What is Bone Broth?
Everyone is talking about bone broth, and for good reason! It's handy as a cup of healthy goodness that can be enjoyed all read round and magical on a cold winter morning, especially when the early symptoms of a cold or flu are coming on. It warms the body from the inside out with pure comfort and there's nutrition in every mouthful.
What Exactly Is Bone Broth
Bone broth is made from the slow-simmered bones of meat, poultry or fish. Typically, it's cooked slowly for a minimum of 24 hours to help remove as many minerals and nutrients as possible from the bones. It's most commonly consumed as a hot drink or added to food for additional flavour and nutrition.
Bone broth is prepared in cultures around the world as both a tasty, healthful soup and an easily digested medicinal food. It's the perfect addition to the diet of anyone who desires optimal health.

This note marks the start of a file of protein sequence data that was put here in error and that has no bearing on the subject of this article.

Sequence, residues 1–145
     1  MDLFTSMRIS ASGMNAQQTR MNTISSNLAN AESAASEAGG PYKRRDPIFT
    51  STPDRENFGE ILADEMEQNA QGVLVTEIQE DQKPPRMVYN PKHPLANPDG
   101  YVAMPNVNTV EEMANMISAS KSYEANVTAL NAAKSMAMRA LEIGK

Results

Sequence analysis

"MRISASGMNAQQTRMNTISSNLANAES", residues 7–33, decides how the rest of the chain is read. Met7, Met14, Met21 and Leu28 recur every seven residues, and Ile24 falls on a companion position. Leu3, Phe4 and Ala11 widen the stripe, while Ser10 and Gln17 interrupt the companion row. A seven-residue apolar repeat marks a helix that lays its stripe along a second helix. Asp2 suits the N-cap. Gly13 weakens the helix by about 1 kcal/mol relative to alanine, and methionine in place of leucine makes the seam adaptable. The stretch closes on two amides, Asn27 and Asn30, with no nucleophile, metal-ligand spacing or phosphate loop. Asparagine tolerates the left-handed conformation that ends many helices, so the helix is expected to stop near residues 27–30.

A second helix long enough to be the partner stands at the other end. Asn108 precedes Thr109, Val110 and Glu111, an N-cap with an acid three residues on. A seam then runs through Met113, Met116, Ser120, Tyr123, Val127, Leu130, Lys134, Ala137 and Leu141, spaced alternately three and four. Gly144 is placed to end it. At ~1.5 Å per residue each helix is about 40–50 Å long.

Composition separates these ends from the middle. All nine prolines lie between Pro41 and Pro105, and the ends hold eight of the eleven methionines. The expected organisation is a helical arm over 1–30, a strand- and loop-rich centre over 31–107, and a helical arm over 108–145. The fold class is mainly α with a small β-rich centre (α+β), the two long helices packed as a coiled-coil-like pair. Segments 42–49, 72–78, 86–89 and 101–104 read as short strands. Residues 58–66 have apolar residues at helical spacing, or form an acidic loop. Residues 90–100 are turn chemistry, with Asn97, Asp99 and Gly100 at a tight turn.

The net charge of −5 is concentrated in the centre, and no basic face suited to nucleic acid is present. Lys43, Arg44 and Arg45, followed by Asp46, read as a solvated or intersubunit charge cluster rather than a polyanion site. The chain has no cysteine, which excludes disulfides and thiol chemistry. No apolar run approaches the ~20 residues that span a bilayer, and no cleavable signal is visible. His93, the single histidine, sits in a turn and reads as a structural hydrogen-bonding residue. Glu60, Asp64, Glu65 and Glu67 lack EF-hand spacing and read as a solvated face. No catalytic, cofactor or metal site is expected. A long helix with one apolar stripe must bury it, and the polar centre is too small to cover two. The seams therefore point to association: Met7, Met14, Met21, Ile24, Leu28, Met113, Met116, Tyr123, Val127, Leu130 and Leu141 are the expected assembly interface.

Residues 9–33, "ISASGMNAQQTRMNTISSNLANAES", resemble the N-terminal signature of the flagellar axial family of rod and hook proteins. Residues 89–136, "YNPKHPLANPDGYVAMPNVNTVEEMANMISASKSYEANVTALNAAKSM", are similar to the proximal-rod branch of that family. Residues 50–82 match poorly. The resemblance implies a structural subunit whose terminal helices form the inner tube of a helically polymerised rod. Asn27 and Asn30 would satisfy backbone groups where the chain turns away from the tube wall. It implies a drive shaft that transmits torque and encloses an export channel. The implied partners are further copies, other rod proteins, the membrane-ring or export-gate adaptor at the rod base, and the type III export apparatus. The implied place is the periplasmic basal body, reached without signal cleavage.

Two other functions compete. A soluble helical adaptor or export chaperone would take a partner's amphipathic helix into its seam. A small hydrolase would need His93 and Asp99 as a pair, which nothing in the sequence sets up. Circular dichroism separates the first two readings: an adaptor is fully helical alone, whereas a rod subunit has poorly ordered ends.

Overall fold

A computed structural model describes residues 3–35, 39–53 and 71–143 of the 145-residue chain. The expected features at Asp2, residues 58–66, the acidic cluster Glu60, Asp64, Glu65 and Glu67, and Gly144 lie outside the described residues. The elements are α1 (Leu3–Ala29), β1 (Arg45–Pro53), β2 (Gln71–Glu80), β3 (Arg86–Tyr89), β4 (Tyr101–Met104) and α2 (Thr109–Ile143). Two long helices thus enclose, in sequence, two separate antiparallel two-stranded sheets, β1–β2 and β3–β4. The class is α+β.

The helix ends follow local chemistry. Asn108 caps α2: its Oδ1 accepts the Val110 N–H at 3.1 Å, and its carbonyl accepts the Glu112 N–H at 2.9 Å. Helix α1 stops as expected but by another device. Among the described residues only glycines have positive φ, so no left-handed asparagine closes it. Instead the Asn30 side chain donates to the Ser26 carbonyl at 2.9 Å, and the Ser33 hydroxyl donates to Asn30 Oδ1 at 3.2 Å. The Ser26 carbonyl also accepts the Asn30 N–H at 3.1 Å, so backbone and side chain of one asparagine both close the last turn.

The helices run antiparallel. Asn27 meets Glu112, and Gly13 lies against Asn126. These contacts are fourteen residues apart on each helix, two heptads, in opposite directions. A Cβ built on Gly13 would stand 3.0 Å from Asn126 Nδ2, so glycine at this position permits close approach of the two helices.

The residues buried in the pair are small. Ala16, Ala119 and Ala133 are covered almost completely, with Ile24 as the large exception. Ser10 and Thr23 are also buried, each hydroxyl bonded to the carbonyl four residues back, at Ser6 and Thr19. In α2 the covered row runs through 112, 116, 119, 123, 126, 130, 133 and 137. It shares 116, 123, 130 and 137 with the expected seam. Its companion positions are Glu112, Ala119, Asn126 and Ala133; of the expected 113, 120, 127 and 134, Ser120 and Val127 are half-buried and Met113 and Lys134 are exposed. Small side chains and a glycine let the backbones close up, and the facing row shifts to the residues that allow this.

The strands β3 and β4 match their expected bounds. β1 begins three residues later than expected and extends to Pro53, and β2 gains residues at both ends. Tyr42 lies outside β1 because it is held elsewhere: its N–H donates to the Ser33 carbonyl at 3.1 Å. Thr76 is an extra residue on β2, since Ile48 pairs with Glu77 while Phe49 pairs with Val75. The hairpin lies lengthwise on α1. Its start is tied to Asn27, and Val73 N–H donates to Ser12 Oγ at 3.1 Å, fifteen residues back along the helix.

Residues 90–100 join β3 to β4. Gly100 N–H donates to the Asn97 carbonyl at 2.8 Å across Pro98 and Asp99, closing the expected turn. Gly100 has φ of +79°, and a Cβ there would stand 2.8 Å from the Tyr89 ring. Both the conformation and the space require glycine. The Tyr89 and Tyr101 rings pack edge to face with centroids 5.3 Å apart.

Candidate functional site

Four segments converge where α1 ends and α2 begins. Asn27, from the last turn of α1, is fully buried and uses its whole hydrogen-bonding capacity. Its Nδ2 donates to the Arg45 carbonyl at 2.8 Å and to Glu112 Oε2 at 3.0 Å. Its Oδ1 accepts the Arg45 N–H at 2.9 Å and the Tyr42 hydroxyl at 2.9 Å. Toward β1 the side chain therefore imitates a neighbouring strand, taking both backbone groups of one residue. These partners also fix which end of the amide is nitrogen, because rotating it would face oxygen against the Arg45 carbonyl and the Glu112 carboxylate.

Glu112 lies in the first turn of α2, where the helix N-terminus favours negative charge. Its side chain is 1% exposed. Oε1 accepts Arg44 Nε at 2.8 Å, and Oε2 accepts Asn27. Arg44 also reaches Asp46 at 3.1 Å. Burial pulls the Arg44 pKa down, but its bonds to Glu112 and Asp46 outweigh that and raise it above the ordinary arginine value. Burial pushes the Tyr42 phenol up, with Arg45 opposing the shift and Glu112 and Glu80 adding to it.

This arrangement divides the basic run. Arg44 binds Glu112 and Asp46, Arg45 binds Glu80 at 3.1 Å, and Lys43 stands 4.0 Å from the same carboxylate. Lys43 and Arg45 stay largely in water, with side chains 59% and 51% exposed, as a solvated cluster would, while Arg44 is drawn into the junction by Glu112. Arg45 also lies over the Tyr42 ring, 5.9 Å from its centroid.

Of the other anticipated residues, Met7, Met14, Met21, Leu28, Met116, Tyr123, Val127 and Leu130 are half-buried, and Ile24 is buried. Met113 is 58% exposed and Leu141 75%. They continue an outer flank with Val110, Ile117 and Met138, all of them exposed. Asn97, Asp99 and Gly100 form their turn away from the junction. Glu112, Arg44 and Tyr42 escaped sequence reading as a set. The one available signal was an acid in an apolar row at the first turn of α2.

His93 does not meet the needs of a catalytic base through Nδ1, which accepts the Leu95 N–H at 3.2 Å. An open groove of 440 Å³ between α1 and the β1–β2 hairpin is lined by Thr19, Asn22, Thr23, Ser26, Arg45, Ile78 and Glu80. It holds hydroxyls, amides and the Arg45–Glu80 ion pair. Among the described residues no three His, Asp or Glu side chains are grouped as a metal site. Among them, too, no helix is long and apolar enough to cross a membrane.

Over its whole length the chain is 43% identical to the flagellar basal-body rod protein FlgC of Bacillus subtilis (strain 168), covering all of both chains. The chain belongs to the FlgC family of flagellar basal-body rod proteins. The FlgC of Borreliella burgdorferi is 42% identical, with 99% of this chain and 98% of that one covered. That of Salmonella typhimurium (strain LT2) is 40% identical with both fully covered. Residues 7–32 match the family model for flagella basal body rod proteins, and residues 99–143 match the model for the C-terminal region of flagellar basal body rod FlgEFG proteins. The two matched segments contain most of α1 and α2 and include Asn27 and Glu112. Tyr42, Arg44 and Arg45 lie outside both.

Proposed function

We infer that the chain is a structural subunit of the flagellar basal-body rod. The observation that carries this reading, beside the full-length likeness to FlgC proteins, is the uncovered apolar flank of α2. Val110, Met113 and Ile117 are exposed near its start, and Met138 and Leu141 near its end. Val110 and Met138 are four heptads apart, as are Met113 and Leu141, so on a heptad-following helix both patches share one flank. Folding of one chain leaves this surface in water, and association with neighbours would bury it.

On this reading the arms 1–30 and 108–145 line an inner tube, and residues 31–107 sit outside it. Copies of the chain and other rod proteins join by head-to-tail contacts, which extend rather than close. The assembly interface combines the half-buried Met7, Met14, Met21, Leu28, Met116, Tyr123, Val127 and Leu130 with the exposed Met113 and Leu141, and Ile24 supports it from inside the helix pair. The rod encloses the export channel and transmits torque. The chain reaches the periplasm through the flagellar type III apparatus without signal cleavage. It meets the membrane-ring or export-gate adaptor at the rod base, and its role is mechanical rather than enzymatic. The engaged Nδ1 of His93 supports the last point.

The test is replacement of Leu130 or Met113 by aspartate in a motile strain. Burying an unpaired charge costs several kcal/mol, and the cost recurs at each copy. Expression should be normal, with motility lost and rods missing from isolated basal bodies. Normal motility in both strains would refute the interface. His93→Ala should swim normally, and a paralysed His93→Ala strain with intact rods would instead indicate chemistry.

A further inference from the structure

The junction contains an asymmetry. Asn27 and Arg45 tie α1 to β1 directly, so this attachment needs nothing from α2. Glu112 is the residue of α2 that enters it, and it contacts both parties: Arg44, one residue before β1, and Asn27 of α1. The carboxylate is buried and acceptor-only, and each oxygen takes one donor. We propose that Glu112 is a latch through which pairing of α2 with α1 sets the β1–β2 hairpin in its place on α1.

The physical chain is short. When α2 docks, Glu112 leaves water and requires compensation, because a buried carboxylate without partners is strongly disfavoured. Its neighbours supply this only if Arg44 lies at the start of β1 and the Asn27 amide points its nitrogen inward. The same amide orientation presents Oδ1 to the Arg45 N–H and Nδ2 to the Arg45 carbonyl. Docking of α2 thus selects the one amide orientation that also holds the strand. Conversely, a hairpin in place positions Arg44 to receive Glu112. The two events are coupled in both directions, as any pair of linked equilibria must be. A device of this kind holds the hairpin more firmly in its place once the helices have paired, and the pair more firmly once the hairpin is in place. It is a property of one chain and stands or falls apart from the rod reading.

The Origins of Bone Broth
Before bowls or pots were even invented, soups and bone broths were served as a key way for human beings to absorb nourishing vitamins and minerals.
Bone broth dates back as far as the stone age. Hot stones were added to pouches made from animals allowing the meat, fat, bones and water to simmer. A more “modern" version can be found dating back 22,000 years ago in China, where pots were used on a fire to simmer the bones and meat creating a bone broth. There is also evidence of this technique being used in Europe more than 12,000 years ago.
Dehydrated bone broth can be dated back to the ninth century when Magyar Warriors would boil the beef bone broth and dry it for easy transport, then simply rehydrate with boiling water.
How Bone Broth Is Made